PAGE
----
In the latest round of credit-card reforms, issuers and retailers are both playing the consumer-friendly angle. Currently lawmakers are debating whether to cut interchange fees, the tab that merchants pay to card issuers each time a customer uses plastic. While retailers claim they would pass the savings on to shoppers in the form of lower prices, card companies argue the legislation will make credit less convenient and more costly—and they may be right.
Merchants have long complained about interchange fees. They say the costs, which amount to roughly 1.6% of every transaction, erode already razor-thin margins. Last year retailers, the main supporters of three bills now working their way through Congress, forked over an estimated $48 billion in card fees. "We can't keep absorbing these fees," Kathy Miller, a grocery store owner in Elmore, Vt., testified at a congressional hearing in early October.
In their quest to win over lawmakers, retailers maintain consumers won't get hurt—and may actually benefit. "Our market is extraordinarily competitive," says Mallory B. Duncan, general counsel of the National Retail Federation, a trade group. "If costs go down, that tends to drive down prices."
That's not what happened in Australia, though. In 2003 the country's regulators cut the average interchange fee to around 0.5% of the total bill, from 1%. But most retailers never dropped their prices, and credit-card issuers jacked up borrowers' fees to make up for the lost revenue, according to a report by CRA International, a consultancy. After the regulation was passed, the annual fee paid by cardholders rose by 22%, to an average of $25.65. Annual fees on rewards cards jumped by as much as 77% since issuers' profits took a bigger hit. Australian card companies generally levied a higher interchange fee on rewards cards to cover the added cost of the perks—as they do in the U.S.
Analysts worry that retailers and card issuers in the States would respond in much the same way. Already U.S. lenders have been raising rates and tacking on new charges for borrowers following a ban earlier this year from Congress on certain practices, including late-payment penalties. "When the banks have a major source of revenue eliminated, they need to raise [other fees] to make up for that," says David S. Evans, a lecturer at the University of Chicago Law School.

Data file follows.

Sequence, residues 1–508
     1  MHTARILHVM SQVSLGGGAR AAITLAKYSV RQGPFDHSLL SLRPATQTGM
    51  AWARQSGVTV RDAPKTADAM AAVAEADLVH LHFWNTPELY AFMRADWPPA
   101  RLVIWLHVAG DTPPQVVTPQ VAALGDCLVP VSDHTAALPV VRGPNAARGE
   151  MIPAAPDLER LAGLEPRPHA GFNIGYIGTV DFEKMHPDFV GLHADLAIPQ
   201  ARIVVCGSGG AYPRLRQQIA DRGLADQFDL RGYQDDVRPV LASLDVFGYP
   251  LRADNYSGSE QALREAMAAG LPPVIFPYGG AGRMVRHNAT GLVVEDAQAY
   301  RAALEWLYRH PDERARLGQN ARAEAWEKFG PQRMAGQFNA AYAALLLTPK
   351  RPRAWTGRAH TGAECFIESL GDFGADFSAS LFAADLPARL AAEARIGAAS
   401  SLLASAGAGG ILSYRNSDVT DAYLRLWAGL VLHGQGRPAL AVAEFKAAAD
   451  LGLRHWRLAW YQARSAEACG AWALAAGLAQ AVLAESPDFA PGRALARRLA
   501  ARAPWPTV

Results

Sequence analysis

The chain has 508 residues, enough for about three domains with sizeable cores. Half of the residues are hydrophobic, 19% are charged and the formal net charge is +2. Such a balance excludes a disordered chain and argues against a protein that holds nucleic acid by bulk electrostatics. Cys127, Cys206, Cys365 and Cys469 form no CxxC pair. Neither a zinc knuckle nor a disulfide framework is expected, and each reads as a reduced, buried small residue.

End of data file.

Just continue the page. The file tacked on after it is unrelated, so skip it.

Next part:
Any new rules could make it less convenient for consumers to opt for credit over cash. As part of the proposals, lawmakers are considering whether to let retailers set a minimum payment for purchases with plastic; they now risk paying a hefty fine for doing so. If such changes are made, customers won't be able to pull out their cards all the time. Merchants may also have the option of rejecting a specific card, like a reward card, if they think the interchange fees are too high. Currently retailers must accept all products under a single brand such as Visa. "Consumers want to be able to use their card for any kind of purchase," says Shawn Miles, MasterCard Worldwide's (MA) head of global public policy. The legislation is "anti-consumer."
Such a defense may work. A report by the Government Accountability Office, an investigative arm of Congress, due out by Nov. 19, is weighing the potential impact of proposed rules on the card-carrying masses. If the GAO finds that only merchants benefit from lower interchange fees, card companies may win. Says Brian Gardner, a vice-president at research firm Keefe, Bruyette & Woods: "If the report comes out and says there is little evidence that [the benefits] would be passed on to consumers, then I think the oxygen gets sucked out of this thing."
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